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You Ask, I Answer: Spotting Trends and Hits?

Michael asks, “How do you spot trends and hits? What should you look for?”

You Ask, I Answer: Spotting Trends and Hits?

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Christopher Penn 0:13

In this episode, Michael asked how do you spot trends and hits? What should you look for? I mean, if I was super, super good at this, we wouldn’t be having this conversation because I thought it’d be retired.

It depends on the context within statistics, a trend is detectable once you start having some form of sustained growth, right.

So if you’re looking at a numeric series of some kind, you see a change in, in that that is sustained, you know, three, four, or five, six different data points where it’s going up what’s going down or something like that.

But there’s, there’s something that is a sustained amount of momentum.

That’s the mathematical answer of how you spot a trend.

But more broadly, when people are asking like, how do I know what the next big thing is going to be? What should we be focusing on what’s going to be the next big hit, we don’t know.

We have no way of knowing what the next big hit is going to be.

Because it’s it’s so from a mathematical perspective, it is such a complex equation with so many inputs, that there is no way to accurately predict that outcome.

Right, it’s like trying to pick a stock in the stock market.

If the stock market was the only place where you could do business buying and selling stocks, you could probably come up with some predictive algorithms, that would work.

But because you have all these other financial mechanisms, hedge funds, high frequency trading, Shadow markets, private trades, all the stuff that isn’t fitted into the outcome data, you can’t build a model, many, many companies have tried building a working model to predict the stock market and zero have succeeded.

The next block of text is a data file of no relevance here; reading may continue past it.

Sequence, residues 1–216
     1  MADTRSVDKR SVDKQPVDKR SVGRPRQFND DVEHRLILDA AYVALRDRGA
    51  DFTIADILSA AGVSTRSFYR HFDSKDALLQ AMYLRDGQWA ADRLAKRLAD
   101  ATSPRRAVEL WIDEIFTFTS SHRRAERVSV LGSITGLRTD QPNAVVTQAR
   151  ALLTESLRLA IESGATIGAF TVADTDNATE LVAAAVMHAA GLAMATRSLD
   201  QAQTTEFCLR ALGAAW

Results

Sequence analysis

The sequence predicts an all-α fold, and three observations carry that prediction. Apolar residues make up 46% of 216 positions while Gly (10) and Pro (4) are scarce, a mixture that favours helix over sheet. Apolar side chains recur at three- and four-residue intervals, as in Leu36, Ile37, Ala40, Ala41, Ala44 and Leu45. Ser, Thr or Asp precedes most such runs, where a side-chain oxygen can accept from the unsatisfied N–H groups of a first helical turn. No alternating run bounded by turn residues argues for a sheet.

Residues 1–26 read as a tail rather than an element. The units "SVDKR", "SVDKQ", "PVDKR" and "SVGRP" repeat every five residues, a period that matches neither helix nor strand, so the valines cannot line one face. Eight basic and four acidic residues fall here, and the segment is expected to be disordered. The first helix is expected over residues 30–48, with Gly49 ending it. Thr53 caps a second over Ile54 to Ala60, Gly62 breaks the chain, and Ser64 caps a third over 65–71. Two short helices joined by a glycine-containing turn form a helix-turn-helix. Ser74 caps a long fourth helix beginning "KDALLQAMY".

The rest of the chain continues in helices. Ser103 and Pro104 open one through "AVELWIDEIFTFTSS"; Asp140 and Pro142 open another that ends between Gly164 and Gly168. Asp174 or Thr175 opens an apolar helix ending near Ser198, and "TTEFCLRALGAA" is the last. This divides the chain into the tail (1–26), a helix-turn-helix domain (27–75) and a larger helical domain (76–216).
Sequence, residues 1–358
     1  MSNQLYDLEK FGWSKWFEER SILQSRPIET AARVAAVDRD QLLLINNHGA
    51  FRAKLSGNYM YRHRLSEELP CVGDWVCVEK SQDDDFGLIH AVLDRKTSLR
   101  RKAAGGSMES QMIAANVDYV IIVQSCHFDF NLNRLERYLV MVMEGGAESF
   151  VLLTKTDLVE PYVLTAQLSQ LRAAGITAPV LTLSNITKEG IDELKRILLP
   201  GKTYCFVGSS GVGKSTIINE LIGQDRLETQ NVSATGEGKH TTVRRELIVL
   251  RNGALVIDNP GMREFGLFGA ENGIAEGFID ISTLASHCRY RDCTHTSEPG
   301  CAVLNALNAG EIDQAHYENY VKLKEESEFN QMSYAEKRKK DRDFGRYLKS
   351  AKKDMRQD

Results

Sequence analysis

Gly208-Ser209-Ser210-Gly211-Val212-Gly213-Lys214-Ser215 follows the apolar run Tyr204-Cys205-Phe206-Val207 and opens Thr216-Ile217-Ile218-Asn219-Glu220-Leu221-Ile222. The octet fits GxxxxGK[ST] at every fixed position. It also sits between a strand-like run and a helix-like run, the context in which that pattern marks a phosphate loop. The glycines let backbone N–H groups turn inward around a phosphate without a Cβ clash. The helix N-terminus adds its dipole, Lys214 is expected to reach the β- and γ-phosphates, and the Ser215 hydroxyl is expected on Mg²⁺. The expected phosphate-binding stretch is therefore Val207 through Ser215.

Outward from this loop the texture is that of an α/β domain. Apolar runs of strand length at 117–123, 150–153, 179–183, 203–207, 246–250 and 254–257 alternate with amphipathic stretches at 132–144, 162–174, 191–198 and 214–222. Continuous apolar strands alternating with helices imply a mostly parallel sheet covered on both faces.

And I can tell you this with confidence, because if one of them had succeeded, they would have all the money.

It would be no other viruses talk about there’d be one company that have all the money.

And that would be that more broadly.

From a cultural perspective, from a people perspective, again, we don’t know, we have no way of knowing what’s going to take off, what you can do is pay very careful attention and look at data very, very frequently.

So there are some great listening tools, conversational intelligence tools out there Talkwalker, for example, good friend of mine, the folks over there that provide really good data tools to provide information that you can then put through predictive algorithms, Markov chain models, neural networks to take the, the fancy, forecasting software of your choice.

And you can start to look for those patterns of growth.

But even then, it’s not necessarily going to be all that clear.

Here’s a simple example, if you were to go to Google Trends, go to trends.google.com.

And type in Tiktok.

Switch the timeline to all time, you would see that it took a really, really long time, years for the service to catch on.

Right? When you look at that graph, you’re looking at it go wow, it would have been really, really hard to detect that this is the thing.

So what do you do? How do you add into this? The answer is in the target market that you care about, wherever that market is, you’ve got to be listening.

You’ve got to be in the mix, listening to what people are talking about and listening for conversations, and trying to understand what it is that people what catches people’s attention.

For example, as of the date of this recording, which is July 24 of 2022 a new video game stray has hit the market and in a number of discord groups that I’m a member of conversations are happening a lot about this game, gamers are talking about it.

It made a big splash and more importantly, people seem to like it, people seem to enjoy it.

And as a result, it appears to it’s going to be a hit.

Now it’s early.

Now it only released a few days ago.

But when you’re in multiple communities and you see the same thing being talked about, that’s a pretty good early indicator that you should pay attention to it should dig in a little bit see if see if there’s a there there.